On Wednesday, I posted photos of some Kentucky Derby winners I’ve had the chance to visit. In the captions for the photos of Thunder Gulch (1995) and Smarty Jones (2004), I commented that their Derby wins were some of my favorites. We can now add Orb’s 2013 win to that list.
Not since Smarty Jones has a Kentucky Derby win felt so “right”. Each Derby finish since 2004 has been something of a surprise. Some wins were surprising yet deserving (Barbaro, 2006 and Animal Kingdom, 2011) while others were complete shockers (Giacomo, 2005; Mine That Bird, 2009; Super Saver, 2010), with the rest falling in the middle somewhere. Orb’s win yesterday not only fits neatly into that narrow slot of “just right”, but also marks the end of one of the longest waits in American Thoroughbred racing.
Before 2013, the Phipps and Janney families had never won a Kentucky Derby, despite family patriarch Ogden Mills planting the seeds leading to the production of fine Thoroughbred bloodlines over a century ago. These bloodlines, carefully maintained and supplemented through the generations, produced an endless parade of champion homebreds. The Phipps and Janney families bred to race, and as the old bloodstock families of the early to mid-20th century disappeared, their fine horses dispersed at sales, it became the new normal to breed to sell. But the Phipps and Janney families clung to that now old-fashioned breed-to-race ideal, sending forth their horses to starting gates, not sales pavilions.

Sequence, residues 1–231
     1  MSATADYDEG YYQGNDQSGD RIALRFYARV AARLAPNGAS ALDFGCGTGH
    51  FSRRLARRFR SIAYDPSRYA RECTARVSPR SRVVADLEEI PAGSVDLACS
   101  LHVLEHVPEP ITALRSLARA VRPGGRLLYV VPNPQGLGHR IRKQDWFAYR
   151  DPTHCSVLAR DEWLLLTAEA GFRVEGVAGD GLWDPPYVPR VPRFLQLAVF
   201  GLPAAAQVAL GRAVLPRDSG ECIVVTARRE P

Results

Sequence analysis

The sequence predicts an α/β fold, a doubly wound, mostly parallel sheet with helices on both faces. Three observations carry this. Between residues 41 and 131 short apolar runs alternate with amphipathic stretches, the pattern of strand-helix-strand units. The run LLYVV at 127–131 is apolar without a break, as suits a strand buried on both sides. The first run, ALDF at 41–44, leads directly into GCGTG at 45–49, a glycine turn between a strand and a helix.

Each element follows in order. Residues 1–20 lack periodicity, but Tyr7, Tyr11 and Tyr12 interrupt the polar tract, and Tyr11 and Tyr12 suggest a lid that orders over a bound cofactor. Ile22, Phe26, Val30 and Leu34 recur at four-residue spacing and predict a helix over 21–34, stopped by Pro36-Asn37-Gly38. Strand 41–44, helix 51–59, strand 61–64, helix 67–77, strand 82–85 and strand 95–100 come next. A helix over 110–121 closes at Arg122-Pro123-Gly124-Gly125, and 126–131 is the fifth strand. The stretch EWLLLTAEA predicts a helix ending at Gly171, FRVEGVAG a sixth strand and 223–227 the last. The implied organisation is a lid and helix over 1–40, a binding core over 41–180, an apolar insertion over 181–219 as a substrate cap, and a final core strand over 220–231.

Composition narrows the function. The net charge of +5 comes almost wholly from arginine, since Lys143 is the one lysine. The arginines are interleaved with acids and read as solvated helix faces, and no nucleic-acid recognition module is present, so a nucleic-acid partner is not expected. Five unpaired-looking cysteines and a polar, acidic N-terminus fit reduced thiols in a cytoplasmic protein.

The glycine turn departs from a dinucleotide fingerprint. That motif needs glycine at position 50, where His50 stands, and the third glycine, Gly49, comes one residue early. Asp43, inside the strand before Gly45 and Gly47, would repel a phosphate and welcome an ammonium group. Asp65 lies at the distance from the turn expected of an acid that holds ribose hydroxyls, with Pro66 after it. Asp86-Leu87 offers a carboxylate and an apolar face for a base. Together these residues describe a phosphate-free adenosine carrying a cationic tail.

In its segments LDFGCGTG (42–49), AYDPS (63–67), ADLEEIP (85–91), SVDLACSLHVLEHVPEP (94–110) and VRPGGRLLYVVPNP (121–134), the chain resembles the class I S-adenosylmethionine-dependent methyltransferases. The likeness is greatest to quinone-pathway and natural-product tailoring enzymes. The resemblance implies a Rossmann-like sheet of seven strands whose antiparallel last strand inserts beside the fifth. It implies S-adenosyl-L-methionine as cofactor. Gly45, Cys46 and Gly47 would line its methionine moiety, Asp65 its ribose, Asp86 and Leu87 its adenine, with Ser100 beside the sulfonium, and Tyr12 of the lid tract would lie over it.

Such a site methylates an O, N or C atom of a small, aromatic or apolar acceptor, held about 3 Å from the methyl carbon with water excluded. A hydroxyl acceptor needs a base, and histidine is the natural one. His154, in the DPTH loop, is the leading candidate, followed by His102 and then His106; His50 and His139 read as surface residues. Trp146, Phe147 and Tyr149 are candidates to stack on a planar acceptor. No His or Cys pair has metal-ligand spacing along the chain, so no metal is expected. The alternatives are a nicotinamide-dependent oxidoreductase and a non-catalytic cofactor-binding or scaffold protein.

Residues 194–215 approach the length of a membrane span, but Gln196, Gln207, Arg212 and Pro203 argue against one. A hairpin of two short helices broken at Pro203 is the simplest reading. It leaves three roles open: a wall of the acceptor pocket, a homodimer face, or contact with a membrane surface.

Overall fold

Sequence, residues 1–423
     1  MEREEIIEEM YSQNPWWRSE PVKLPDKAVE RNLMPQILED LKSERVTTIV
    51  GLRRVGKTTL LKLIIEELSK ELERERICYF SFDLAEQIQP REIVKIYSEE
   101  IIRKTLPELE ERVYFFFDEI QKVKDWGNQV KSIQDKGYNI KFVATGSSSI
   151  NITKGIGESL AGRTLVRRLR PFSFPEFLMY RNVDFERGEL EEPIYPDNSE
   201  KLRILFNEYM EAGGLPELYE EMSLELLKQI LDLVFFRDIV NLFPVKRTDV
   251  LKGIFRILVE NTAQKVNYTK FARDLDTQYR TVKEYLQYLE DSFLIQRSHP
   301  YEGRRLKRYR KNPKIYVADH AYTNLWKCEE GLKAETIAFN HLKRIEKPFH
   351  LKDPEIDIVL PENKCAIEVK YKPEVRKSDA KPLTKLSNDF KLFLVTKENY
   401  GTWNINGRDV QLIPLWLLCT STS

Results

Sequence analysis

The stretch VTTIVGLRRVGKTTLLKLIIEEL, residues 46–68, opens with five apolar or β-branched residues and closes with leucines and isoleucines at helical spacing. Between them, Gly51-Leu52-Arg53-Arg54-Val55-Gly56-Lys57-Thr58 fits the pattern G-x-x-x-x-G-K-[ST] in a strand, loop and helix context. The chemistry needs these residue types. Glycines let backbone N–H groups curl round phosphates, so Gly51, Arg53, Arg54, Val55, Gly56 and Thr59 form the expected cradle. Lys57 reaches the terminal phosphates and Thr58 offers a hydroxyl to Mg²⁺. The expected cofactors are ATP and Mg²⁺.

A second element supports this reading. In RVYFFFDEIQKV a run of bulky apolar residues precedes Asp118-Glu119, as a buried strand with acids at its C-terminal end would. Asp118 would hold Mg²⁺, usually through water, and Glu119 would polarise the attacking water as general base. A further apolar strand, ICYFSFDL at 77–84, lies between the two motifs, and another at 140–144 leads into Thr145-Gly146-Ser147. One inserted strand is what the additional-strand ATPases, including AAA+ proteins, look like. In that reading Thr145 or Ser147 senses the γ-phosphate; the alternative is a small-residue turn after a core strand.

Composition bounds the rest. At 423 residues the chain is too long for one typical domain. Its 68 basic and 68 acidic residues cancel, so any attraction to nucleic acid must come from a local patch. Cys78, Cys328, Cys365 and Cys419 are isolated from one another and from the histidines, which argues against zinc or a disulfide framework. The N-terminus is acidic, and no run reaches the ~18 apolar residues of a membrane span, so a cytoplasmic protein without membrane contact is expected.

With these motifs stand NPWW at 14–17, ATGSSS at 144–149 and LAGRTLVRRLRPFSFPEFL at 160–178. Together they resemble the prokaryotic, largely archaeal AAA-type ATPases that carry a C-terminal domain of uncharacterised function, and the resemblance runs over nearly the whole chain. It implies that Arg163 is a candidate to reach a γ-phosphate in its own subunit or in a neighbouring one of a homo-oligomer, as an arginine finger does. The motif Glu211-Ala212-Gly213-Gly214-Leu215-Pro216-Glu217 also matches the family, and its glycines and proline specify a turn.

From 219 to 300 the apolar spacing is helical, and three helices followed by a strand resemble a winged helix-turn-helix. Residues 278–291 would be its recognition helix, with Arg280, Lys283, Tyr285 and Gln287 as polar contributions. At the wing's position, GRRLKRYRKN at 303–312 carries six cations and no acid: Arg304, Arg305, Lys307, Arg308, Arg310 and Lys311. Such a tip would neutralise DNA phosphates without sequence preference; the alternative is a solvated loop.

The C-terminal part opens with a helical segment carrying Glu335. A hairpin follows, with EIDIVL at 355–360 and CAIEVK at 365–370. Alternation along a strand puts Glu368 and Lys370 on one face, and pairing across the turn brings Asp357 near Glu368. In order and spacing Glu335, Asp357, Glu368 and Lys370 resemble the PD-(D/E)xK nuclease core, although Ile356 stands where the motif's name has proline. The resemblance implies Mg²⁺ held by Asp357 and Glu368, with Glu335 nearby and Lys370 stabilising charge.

As a result, they were blessed with several homebred champions over the years, including Bold Ruler, Buckpasser, Ruffian, Personal Ensign, and Easy Goer. The latter two were trained by Claude “Shug” McGaughey.
McGaughey was invited to train the stables of Phipps and Janney in 1986. Although he enjoyed early success with Personal Ensign and Easy Goer, he was never one to steer his horses towards races they weren’t ready for, particularly the Kentucky Derby. Unlike several modern big-name trainers, in his time with the Phipps and Janney stables, McGaughey has only entered six horses in the Kentucky Derby.
Yesterday, one lifetime and several generations of patience came together for McGaughey and the Phipps/Janney families when Orb granted them their first blanket of roses. As thrilled as I was to see Ruffian’s colors winning the Kentucky Derby, knowing that her blood flowed through the veins of Orb through his fourth dam, Laughter—Ruffian’s ¾ sister—the best part of the Derby was seeing the stunned silence of Shug McGaughey shortly after Orb’s win, which spoke volumes about the man.
Indeed, the best and most deserving horse won yesterday, and it is glorious. On to Pimlico!
You may read an excellent article on what the win means for Shug McGaughey here, and Blood-Horse coverage of the win here.